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Introducing Martinique

Martinique is for (beach) lovers. And foodies. And divers. And hikers. And, especially, Franco­philes. A marriage of Gallic culture and Caribbean customs, this overseas department of France is a sunnier, slightly less crowded version of the motherland. People looking for the more sophisticated pleasures, whether they be the kind you put on your plate or the kind you put on a credit card, will be happy to know that good food and the latest fashions aren’t optional here, but a mandatory fixture wherever visitors congregate - especially in its harbourside capital, Fort-de-France.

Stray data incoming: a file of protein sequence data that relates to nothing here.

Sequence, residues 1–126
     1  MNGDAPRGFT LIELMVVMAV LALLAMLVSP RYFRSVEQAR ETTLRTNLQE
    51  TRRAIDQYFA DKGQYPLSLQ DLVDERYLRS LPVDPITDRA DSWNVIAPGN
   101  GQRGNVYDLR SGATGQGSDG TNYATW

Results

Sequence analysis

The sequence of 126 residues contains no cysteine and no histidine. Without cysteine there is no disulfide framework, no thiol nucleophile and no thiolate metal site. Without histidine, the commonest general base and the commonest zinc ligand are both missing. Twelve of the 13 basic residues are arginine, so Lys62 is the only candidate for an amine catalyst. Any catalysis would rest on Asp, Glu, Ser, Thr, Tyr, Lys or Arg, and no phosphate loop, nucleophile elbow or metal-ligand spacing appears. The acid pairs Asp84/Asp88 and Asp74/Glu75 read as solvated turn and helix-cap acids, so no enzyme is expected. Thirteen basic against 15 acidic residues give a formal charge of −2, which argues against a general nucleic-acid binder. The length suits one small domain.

Volcanic in origin, the island is crowned by the still-smoldering Mont Pelée, which wiped out Martinique’s former capital of St-Pierre in 1902. There’s plenty of hiking and nature-watching on the slopes of the volcano. And since this is often called the ‘Isle of Flowers’ there are botanical gardens tucked into the rugged landscape.

Long luscious beaches and loads of diving are the main attractions in the south. Fishing villages dot the coasts; most of them have managed to hang on their seafaring soul while offering plenty for visitors to see and do.

There’s a lot going on here, but it all happens on Caribbean time. Except for the mountainous north, it’s an exceptionally easy island to drive around. One can surf at Presqu’île de Caravelle in the morning and make it back to Fort-de-France in time (avoiding rush hour) to sample the city’s budding nightlife.